Dmitri Hvorostovsky did not record the Verdi baritone’s summa, Rigoletto, until 2016 – a year after he was diagnosed with brain cancer. This recording was released by Delos near the end of last year shortly before the singer’s death. Rigoletto was not at the core of the great baritone’s repertoire. Of his 182 performances at the Met, eight were as the cursed jester – all at the end of 2013. But three of these performances were broadcast and thus will eventually find their way around the operatic world.
The late artist’s voice was better suited for the more lyric Verdi roles, such as the Count in Il Trovatore, but he was such a good singer that he could realize most of Rigoletto’s fierce anger as well as his tender interactions with his daughter through the strength of his interpretation and subtle use of his great voice. Remarkably, though he was almost terminally ill when this recording was made his voice was still in fine shape. While he lacks the forward projection that’s typical of the greatest Italian baritones, Hvorostovsky brings a refulgent sound, thrilling high notes, and great pathos to the emotionally charged duets with his wayward daughter and to the character as a whole. He does manage to sound more sinister than was usual for him. This performance reminds the listener why, despite endless repetitions, Rigoletto is such a great opera. I must emphasize that the greatest Verdi baritone I ever heard, Leonard Warren, had a similarly placed voice. But he also had a sound that could match an organ.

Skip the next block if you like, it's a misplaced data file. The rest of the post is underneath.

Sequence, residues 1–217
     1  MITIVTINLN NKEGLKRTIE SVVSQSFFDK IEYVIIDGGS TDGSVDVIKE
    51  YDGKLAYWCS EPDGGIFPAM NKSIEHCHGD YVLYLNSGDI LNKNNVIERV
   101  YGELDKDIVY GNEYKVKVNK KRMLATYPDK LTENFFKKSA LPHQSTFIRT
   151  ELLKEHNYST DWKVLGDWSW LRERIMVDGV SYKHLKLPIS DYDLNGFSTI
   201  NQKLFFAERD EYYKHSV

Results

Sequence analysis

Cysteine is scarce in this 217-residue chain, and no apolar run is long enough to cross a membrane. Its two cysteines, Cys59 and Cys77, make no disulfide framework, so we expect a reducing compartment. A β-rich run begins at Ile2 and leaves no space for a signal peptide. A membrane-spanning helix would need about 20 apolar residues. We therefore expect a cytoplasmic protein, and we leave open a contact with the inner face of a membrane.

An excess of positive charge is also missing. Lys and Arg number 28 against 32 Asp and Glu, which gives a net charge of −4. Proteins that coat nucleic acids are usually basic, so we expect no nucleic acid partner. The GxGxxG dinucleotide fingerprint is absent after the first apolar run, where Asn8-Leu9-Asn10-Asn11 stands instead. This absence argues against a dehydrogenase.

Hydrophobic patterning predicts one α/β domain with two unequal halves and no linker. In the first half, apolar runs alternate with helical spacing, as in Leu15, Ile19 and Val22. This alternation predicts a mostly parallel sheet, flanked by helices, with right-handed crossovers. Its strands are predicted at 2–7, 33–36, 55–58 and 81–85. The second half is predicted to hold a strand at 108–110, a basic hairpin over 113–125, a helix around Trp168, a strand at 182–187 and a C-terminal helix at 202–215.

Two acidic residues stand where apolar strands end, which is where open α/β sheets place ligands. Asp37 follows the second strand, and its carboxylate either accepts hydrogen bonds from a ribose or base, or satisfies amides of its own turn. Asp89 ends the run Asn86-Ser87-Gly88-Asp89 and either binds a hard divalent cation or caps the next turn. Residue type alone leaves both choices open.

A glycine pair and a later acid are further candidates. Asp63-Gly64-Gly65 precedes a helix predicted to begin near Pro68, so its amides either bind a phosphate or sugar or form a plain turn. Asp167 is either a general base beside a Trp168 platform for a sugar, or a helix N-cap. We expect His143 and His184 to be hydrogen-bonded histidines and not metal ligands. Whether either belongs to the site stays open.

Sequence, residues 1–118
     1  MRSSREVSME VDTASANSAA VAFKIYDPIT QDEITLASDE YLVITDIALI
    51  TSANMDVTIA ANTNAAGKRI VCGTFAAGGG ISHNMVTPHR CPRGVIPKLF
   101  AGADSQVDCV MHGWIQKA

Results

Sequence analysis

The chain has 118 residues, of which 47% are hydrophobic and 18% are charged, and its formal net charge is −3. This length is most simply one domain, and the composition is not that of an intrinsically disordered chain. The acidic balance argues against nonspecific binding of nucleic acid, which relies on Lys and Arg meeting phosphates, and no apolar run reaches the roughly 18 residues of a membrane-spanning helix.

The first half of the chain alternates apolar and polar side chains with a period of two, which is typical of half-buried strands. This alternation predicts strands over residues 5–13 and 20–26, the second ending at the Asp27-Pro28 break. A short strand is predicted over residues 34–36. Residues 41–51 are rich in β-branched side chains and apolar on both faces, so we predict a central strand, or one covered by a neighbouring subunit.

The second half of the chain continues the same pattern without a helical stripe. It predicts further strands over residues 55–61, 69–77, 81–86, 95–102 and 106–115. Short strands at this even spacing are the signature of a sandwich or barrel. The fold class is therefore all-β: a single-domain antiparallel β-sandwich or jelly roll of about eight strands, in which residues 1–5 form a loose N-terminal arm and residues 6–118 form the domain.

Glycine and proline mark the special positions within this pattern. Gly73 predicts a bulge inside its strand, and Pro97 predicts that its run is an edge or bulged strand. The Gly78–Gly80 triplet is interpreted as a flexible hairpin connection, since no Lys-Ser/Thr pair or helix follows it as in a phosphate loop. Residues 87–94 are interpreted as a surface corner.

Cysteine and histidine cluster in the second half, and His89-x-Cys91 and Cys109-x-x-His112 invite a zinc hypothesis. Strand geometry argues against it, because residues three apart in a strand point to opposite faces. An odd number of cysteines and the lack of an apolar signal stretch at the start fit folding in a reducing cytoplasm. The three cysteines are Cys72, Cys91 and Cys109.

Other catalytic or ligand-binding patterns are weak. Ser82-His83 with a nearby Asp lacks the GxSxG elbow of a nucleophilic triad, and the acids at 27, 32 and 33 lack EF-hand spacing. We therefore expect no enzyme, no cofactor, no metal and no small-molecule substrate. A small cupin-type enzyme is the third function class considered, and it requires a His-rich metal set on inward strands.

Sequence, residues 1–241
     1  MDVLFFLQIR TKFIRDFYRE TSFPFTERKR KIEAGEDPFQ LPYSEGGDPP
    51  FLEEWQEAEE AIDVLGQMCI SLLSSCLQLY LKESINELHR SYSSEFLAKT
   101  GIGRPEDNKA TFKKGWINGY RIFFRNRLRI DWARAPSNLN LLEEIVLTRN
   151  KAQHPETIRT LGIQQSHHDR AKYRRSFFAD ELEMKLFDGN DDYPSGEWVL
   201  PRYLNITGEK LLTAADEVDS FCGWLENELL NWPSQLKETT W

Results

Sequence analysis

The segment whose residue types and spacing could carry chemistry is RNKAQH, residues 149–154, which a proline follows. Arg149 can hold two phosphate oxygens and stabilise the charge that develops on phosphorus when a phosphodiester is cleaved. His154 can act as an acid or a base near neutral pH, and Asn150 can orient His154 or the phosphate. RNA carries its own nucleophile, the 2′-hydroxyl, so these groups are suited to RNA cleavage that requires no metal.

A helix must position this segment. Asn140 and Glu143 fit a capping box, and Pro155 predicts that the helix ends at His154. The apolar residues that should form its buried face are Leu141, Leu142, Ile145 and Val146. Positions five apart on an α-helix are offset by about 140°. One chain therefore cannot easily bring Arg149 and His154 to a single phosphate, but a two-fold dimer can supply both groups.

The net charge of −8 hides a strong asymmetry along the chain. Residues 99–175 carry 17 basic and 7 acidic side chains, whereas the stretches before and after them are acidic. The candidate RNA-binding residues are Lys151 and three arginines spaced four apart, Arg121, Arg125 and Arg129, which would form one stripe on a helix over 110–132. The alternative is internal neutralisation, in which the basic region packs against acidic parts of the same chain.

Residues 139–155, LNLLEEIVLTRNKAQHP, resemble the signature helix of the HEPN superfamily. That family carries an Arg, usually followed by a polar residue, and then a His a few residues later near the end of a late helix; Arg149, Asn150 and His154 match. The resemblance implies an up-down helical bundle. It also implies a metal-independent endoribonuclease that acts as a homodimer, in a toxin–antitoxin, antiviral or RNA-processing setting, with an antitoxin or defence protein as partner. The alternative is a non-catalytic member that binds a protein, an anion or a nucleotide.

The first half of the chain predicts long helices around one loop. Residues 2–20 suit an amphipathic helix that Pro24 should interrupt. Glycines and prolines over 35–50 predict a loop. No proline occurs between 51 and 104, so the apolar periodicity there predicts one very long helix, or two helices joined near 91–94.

Still, Hvorostovsky lacks the fury needed for ‘Cortigiani’ and the ‘Vendetta duet’. He also forgoes the cries of ‘Gilda’ after Rigoletto realizes that he has been complicit in his own daughter’s kidnapping. They are not in the original libretto, but some of the librettos provided with recordings insert them – including this one! I’m so used to these cries that the end of the scene felt empty without them. While he doesn’t blow all the fuses with ‘Cortigiani’, his performance of the great scene is compelling and moving. Cortigiani scena
While this recording was obviously made as a vehicle for Hvorostovsky, the supporting cast is quite good, especially soprano Nadine Sierra. The young American soprano (she’s not yet 30) has already appeared at La Scala and the Met. She won the Richard Tucker Award last year. She has a sweet high soprano that she uses with intelligence and feeling. ‘Caro nome’ was sung to great effect. Her only misstep was the yelling out of her last line before Gilda throws herself to her doom in Sparafucile’s tavern .
Tenor Francesco Demuro has sung both Rodolfo and Alfredo at the Met. Next season he’s singing Fenton in Falstaff. The last role is more in keeping with his light voice which is best suited for bel canto roles. He has a strange top; he has more trouble with a high B flat than he does with a high D flat. His passaggio may be much higher than that of most tenor. Regardless, the Duke is really too big a part for his slender instrument.
Oksana Volkova is is a rich voiced Maddalena. Andrea Mastroni is sufficiently menacing as her murderer brother, though Kostas Smoriginas, who sang Monterone, is so full voiced that he could have switched roles with Mastroni to a better effect.
The Kaunus City Orchestra is hardly a well known ensemble, but they play very well. The Lithuanian orchestra was led by Constantine Orbelian. He has a firm grasp of the score and gets a good, though not an unusually incisive, reading of Verdi’s great work.
This valedictory performance by a great and charismatic singer evokes considerable pathos on the part of any listener who is saddened by the premature departure of such a major artist. His fine effort on this recording is both a gift to his audience and a marker of a great loss.
The recording’s liner notes and libretto are below.